Recently UK development agencies changed their strategy of lobbying governments and international bodies on the harmful effects of tax avoidance by multinationals in the developing world, to targeting the companies themselves. In November 2010 ActionAid, a UK development agency, issued a report titled “Calling Time: Why SABMiller should stop dodging taxes in Africa” in which it takes the company to task for allegedly exploiting loopholes to cut their tax bills. At the same time Christian Aid, another UK development agency is focusing a similar campaign on FTSE companies Vodafone, Unilever, Intercontinental Hotel Group and TUI Travel.
Although pursuing different strategies, both of these agencies are taking to task multinationals on the morality of the international tax planning strategies. Essentially the stance of the agencies is that tax planning policies should form part of the overall social responsibility programmes of a company and that companies should develop “fair tax planning policies” rather than policies that optimise tax efficiency within the legal framework of the relevant country’s tax legislation. The agencies contend that whilst certain tax planning strategies might be legally within the bounds of tax the respective countries’ legislation they are morally indefensible as these deprives developing countries of much-needed capital that could be used for education and healthcare of millions of people in these countries. ActionAid specifically addresses the issue of registering valuable trademarks of African beers in Europe rather than in the country of origin and then extracting royalties from the developing countries for the right of use of the marks. This results in depletion of the African countries’ tax base and is labelled as unacceptable transfer pricing policies.
The development agencies target public perception of global tax planning policies in an attempt to create “tax justice”. Martin Hearson, is ActionAid’s tax analyst and co-author of their report. He also sits on the board of the Tax Justice Network and the OECD’s task force on tax and development. Hearson is quoted in International Tax Review as saying that “if you look at the corporate social responsibility side of things, tax justice is an issue that’s decades behind other areas such as Labour and the environment. In the next few years we can get to a point where certain tax practices have become as dirty in the public perception as child labour”.
This international trend reverberated closer to home last week, when Logan Wort, an executive secretary of the African Tax Administration Forum (ATAF) raised the issue and Action Aid’s report publicly. He indicated that South Africa, Zambia, Tanzania, Ghana and Mauritius (all of these countries have bilateral treaties) would cooperate in investigating the tax and transfer pricing policies of SABMiller in Africa. He indicated that resultant action would be taken by individual countries.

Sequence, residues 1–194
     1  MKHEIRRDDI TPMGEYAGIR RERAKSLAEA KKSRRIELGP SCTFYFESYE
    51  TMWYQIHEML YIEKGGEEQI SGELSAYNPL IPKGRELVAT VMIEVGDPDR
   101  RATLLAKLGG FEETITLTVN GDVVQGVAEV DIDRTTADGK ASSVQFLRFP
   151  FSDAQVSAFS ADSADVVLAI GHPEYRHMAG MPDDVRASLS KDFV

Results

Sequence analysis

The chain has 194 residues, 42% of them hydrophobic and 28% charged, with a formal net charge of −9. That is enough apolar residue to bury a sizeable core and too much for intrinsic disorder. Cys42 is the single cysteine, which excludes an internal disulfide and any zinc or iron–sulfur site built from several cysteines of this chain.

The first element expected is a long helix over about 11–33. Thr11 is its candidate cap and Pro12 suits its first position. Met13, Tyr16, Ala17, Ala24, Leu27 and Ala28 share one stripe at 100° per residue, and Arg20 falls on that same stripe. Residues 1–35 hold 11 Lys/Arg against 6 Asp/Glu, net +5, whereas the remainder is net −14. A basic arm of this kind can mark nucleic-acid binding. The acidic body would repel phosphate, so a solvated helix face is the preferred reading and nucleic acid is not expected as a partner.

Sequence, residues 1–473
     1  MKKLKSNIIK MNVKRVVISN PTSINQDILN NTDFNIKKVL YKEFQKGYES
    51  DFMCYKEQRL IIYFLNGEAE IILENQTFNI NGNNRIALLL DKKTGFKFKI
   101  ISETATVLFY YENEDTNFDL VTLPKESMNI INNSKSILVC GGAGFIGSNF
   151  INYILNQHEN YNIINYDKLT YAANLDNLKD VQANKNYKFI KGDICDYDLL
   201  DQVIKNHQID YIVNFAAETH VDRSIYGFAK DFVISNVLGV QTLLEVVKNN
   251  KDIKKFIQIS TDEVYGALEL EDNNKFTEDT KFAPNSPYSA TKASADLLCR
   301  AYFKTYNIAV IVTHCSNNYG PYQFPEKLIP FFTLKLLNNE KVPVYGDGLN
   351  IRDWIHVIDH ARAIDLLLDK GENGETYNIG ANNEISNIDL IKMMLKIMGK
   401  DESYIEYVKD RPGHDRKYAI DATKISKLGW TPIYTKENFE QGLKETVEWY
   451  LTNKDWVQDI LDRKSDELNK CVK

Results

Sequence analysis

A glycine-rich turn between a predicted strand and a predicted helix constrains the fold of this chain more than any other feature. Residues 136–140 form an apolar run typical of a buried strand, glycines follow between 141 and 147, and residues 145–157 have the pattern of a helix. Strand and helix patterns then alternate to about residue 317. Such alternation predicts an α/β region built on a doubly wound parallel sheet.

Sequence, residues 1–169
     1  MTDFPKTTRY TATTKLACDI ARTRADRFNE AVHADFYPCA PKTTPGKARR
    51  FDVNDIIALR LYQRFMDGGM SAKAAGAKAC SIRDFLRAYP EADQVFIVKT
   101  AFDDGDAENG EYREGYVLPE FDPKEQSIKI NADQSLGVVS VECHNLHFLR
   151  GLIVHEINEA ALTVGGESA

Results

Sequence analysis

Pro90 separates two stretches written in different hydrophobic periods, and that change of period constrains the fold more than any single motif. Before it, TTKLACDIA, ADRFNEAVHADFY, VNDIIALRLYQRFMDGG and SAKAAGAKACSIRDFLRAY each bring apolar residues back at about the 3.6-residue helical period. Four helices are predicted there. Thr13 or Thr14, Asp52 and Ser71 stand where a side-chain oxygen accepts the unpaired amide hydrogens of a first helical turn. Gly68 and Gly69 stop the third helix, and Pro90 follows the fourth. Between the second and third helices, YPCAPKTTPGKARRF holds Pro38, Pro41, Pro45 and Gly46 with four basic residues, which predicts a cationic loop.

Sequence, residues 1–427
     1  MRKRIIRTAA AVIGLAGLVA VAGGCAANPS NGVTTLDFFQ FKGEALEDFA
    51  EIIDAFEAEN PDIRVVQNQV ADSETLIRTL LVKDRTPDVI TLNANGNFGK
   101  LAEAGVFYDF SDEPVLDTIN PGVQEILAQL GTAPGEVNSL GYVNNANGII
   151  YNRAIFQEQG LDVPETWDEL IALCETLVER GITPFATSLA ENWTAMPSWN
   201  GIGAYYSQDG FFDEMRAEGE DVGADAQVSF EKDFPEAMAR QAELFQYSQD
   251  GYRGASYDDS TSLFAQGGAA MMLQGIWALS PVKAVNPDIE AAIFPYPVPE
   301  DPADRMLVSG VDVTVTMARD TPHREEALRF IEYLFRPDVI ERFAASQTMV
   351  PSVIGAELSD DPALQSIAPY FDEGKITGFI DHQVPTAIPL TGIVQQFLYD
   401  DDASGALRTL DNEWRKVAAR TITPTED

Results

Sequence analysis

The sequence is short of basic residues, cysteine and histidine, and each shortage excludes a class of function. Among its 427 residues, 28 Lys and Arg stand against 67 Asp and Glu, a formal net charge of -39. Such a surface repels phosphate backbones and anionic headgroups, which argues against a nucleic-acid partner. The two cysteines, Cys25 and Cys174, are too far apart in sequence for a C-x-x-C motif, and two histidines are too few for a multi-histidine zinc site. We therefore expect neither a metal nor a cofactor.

This development clearly announces a number of important messages for South African multinationals, in particular those operating in Africa. It is clear that ATAF (which currently has 29 member countries) intends cooperating on a pan African basis to attack pricing policies and aggressive tax planning strategies on a coordinated basis. This clearly signal the need for a more sophisticated ability by companies to defend their tax planning policies on a pan-African basis, based on sound and internationally accepted legal and commercial principles. Future challenges to multinational tax planning will not only be on a tax technical level in relation to the provisions of tax legislation but will also be levelled at reputational level. In meeting these multi-dimensional challenges multinationals need to develop multifaceted defence strategies that will not only be able to deal with any challenge when it arises but that will also be able to prevent or mitigate any risk of a challenge in advance. It is essential that legal advice forms part of the development of any strategy or policy, in order to ensure that it has the required resilience to withstand any legal challenge or litigation process. This must be augmented by the ability to proactively manage reputational risk in circumstances where this might be susceptible to attack. The basis of this defensive strategy has to be proactive communication with governments and other stakeholders with a view to managing perception and mitigating the risk of attack.
The changing environment will in future require multinationals to develop 360 tax strategies that extend beyond the ability to legally defend the principle.